I see every now and then how hackers stole DB with emails and hashed passwords of millions of users from popular websites and sell it on the black market.

I assume that passwords were hashed with proper unique salt for each which makes rainbow tables useless. And in the end, a consumer only gets emails and useless hashes.

My question is, how it can be useful for anyone? The only possible reason as far as I can see is that they also provide salt for each password. Is my assumption correct?

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    "consumer only gets ... useless hashes" -- you've made the leap in logic that the salted hashes are useless. – schroeder Mar 11 '20 at 7:22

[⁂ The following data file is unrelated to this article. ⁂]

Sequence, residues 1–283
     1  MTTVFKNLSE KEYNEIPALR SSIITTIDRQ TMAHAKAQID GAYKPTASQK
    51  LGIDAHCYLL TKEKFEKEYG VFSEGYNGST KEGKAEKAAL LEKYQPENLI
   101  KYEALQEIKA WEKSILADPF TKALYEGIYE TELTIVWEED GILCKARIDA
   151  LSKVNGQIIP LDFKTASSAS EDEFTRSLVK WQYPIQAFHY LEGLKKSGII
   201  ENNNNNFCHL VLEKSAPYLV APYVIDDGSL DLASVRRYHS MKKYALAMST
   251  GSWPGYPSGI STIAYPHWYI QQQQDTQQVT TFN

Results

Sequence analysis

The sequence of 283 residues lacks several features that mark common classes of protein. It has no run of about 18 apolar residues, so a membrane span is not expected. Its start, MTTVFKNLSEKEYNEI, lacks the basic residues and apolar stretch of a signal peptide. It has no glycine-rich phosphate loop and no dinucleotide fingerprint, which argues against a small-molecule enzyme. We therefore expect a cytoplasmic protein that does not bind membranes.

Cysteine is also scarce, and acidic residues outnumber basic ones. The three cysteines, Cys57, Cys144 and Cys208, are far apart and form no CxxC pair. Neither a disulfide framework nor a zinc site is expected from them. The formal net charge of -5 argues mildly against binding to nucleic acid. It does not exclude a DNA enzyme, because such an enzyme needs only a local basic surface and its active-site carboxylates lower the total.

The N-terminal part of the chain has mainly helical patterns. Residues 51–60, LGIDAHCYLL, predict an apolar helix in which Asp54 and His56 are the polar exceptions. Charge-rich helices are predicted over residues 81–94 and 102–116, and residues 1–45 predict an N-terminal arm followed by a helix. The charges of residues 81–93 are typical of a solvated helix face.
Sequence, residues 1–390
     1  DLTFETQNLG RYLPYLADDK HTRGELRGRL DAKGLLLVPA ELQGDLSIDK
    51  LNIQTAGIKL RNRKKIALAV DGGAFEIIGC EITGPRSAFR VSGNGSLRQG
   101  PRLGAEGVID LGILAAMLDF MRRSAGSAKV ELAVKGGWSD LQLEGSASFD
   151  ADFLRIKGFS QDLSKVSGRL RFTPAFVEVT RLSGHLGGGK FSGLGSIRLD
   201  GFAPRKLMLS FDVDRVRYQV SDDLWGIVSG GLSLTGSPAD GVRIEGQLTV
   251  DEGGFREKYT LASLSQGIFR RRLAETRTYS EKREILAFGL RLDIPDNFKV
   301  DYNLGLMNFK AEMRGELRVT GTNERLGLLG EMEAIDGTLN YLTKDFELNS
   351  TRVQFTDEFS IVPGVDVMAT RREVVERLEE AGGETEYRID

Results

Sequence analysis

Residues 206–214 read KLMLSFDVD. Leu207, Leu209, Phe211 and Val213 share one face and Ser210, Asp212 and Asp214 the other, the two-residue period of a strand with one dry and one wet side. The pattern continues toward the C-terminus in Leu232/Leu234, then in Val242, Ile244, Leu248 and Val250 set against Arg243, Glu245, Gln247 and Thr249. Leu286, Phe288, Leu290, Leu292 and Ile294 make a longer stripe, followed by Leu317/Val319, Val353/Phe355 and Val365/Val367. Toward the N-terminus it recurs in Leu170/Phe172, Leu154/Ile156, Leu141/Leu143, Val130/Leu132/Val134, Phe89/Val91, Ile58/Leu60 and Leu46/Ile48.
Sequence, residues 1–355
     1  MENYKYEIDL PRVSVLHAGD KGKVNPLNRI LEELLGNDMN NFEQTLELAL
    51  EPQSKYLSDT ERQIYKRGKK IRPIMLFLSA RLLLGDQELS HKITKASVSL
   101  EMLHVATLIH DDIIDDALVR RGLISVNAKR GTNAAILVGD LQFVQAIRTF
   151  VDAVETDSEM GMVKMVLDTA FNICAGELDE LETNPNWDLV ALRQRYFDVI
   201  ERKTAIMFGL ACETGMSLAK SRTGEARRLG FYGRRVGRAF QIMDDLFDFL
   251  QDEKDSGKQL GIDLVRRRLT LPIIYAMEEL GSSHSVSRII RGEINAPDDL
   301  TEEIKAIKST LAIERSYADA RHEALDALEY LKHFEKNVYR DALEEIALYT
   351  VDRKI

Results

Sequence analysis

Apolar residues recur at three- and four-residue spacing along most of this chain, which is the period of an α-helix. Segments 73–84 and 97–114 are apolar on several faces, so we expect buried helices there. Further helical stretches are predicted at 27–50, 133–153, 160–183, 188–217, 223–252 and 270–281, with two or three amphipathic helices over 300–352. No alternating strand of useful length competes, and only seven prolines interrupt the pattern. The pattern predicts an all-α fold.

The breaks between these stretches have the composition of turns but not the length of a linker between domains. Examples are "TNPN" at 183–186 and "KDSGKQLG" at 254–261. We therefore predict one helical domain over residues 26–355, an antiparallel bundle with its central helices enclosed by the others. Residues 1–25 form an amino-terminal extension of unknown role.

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    And this might be useful for you: security.stackexchange.com/questions/17421/how-to-store-salt The salt is part of the password database – schroeder Mar 11 '20 at 7:23
  • it's useless for those who got the hash without salt – mef_ Mar 11 '20 at 7:24
  • "Why do people buy these databases?" -- because they are useful. "How do the buyers get around the requirement to have the salt?" -- because they have the salt. – schroeder Mar 11 '20 at 7:26